WASHINGTON — The revelation that one of the Navy’s latest Ford-class aircraft carriers is roughly a year behind schedule is stirring anxiety in the shipbuilding industrial base about whether the lasting impacts of the coronavirus could creep into future shipbuilding plans.
HII Chief Chris Kastner announced the delays in a Nov. 2 earnings call with investors and attributed the problems largely to the pandemic.
“Due to major component delays from the supply chain driven primarily from COVID, and the labor and supply chain effects subsequent to COVID, delivery of CVN-80 is forecasted to be approximately 12 months late,” he told investors.
Todd Corillo, a spokesman for HII’s Newport News Shipbuilding, said in a statement to Breaking Defense, the “pandemic and cascading labor challenges are reasons for the supply base challenges” that have delayed CVN-80’s schedule.
“CVN-80 is behind due to late sequence critical material delaying the structural build of the ship in the dock,” he continued. “We are working with the Navy and suppliers to align on schedule impacts and are doing everything we can to help deliver the ship as quickly as possible.”
Separately, Jay Stefany, the Navy’s acting acquisition executive, in a recent interview with Defense News signaled the service’s next budget request will finalize a decision about when to begin building CVN-82, with fiscal years 28, 29 and 30 all being options on the table.
The prospect of a delay for CVN-82 is causing heartburn for many of the smaller companies that collectively create the supply chain HII relies on to build the Navy’s carriers.
“As I engage with [different companies], there’s a concern that if CVN-82 is delayed, many would need to lay off workers … or to revise a business model to deprioritize Navy shipbuilding,” Lisa Papini, chairwoman of the Aircraft Carrier Industrial Base Coalition, told Breaking Defense in an interview. ACIBC is a trade association representing 2,000 businesses across the country that supply parts for Navy carriers.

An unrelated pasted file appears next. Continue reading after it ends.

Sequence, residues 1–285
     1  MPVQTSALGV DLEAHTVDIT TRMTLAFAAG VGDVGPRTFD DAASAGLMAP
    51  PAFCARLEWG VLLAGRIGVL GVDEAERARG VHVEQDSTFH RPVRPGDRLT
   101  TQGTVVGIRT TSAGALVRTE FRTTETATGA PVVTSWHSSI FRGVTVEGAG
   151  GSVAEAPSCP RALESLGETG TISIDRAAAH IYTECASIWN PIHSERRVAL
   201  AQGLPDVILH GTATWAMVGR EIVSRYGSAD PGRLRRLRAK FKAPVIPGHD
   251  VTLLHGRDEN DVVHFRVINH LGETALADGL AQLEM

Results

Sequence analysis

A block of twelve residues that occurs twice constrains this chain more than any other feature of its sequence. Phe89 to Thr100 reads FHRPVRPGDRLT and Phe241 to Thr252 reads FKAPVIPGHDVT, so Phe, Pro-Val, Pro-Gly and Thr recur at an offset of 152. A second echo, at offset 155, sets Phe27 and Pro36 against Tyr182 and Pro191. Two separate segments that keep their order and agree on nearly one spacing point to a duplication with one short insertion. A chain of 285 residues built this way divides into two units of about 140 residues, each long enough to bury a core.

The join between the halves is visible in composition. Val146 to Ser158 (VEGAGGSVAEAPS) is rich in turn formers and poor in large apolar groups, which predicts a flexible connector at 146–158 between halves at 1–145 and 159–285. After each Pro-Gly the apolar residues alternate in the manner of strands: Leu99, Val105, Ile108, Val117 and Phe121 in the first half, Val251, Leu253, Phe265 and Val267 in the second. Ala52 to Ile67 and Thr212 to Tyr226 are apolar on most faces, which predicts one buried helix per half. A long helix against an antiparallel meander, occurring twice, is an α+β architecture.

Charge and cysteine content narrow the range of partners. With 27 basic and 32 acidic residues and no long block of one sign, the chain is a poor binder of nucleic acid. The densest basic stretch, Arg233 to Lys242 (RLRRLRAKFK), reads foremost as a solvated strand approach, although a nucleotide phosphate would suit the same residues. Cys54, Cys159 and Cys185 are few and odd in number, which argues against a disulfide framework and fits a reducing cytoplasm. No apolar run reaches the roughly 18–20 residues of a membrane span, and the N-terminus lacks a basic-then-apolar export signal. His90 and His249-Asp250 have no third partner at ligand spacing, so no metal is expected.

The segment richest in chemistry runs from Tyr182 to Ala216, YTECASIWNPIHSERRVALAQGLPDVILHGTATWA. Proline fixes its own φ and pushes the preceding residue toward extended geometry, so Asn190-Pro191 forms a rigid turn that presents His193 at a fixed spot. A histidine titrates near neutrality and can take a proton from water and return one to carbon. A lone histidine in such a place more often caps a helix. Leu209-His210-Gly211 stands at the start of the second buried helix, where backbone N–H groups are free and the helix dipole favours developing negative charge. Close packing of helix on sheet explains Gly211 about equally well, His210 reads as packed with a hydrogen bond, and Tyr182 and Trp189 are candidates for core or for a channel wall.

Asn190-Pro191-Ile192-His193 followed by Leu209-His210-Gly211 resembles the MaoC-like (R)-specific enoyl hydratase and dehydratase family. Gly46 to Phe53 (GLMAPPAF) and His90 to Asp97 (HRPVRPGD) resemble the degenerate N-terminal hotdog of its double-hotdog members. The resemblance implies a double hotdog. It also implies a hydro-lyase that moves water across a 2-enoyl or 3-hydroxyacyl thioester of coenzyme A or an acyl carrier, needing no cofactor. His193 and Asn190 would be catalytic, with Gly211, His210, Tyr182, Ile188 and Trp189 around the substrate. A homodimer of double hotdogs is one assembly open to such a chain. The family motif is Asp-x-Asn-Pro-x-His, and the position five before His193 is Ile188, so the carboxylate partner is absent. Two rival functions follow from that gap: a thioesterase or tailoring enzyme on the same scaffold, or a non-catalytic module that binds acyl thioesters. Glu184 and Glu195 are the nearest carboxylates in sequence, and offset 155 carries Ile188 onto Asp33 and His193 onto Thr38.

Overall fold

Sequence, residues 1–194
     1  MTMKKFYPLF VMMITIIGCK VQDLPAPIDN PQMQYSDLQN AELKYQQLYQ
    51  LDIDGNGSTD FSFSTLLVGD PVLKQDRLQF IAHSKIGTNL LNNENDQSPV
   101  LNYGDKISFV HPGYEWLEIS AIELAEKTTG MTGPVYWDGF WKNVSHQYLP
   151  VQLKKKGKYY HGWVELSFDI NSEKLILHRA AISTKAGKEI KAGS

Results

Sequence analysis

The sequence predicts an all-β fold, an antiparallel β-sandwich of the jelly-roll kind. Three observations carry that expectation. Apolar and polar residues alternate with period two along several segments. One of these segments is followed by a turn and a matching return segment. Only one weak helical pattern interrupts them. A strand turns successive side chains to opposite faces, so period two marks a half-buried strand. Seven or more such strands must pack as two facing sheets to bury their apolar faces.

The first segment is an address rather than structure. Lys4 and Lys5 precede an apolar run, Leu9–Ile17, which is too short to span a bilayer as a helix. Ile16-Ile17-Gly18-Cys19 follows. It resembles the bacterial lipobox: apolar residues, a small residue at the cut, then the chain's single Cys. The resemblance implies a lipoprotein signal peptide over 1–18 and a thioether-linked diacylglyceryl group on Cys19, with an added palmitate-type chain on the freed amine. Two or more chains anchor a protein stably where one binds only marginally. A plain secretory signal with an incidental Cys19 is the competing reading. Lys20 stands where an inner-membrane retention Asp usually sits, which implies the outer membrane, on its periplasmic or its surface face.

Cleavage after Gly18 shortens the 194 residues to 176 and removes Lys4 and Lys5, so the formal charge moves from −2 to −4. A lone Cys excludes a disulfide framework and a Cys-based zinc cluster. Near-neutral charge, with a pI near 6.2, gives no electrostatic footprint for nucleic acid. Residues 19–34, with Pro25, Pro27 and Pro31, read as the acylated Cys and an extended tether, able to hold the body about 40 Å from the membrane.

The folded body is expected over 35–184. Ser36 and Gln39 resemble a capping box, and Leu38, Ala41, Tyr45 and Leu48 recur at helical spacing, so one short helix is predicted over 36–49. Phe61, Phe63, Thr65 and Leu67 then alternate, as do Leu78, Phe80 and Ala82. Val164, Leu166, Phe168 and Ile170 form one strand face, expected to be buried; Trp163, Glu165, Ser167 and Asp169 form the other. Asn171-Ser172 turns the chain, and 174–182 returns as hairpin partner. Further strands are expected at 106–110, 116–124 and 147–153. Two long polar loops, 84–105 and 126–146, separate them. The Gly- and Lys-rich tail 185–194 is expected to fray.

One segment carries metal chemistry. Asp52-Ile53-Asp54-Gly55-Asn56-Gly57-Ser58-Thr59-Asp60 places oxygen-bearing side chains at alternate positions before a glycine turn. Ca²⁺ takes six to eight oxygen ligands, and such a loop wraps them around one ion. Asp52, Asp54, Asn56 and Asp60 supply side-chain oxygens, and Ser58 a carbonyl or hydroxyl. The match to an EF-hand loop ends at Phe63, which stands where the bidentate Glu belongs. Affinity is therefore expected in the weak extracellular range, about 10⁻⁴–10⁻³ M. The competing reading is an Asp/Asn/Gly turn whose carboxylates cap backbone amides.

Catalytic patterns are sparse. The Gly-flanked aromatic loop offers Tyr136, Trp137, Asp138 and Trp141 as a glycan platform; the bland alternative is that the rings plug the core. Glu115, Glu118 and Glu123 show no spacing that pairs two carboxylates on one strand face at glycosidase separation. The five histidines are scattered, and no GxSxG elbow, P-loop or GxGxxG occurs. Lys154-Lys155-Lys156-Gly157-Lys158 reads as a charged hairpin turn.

Papini herself is president of a family-owned small business, Dante Valve Company, with just a few dozen employees that supplies the military with pressure relief valves. While much of the country has largely moved on from the day-to-day challenges that the coronavirus caused, Papini said the loss of skilled workers has been a pervasive issue for member companies.
“I’m hoping that as we address these COVID issues … we can tie those two things together and look at them in conjunction,” she said, referring to the pandemic and possible delays to future aircraft carriers. “We know what happens when there’s a disruption in the supply chain, and how long that takes to recover from and hopefully not creating another one.”
Adding to the pressure is the fact the Navy expects to purchase CVN-82 and CVN-83 in a “block buy” format, something Stefany said in the Defense News interview remains the service’s plan pending the necessary approvals.
A “block buy” means the Navy will purchase both ships using the same contract. For industry, it provides the stability and predictability that Papini stressed is vital. As for the Navy, purchasing materials in bulk generally results in a better deal for the taxpayer.
The flipside of the “block buy” coin, though, is it ties the schedules of the two ships together — meaning problems or delays for CVN-82 are likely to snowball into issues for CVN-83.
Matthew Paxton, president of the Shipbuilding Council of America, another trade association that lobbies on behalf of the shipbuilding industrial base, said in a statement to Breaking Defense that the pandemic produced a “layer-cake of effects which includes disruptions and delays to production, global supply chain issues, tightening labor force, and historic inflationary impacts.
“That layer-cake of effects were in addition to the instability our industry has been dealing with under the uncertainty in shipbuilding and ship repair budgets,” he continued. “Despite the many outside challenges created by the pandemic, our shipyards are committed to delivering for our government and commercial customers.”